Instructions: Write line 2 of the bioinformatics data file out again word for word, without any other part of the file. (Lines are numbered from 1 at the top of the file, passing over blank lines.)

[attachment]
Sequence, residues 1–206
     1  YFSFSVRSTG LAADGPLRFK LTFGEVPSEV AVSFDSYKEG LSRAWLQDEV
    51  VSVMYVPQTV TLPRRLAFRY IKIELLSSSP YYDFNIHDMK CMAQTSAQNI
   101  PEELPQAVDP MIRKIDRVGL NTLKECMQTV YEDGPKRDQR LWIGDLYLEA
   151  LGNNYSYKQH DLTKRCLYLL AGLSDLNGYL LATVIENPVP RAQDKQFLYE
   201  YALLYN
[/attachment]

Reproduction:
     1  YFSFSVRSTG LAADGPLRFK LTFGEVPSEV AVSFDSYKEG LSRAWLQDEV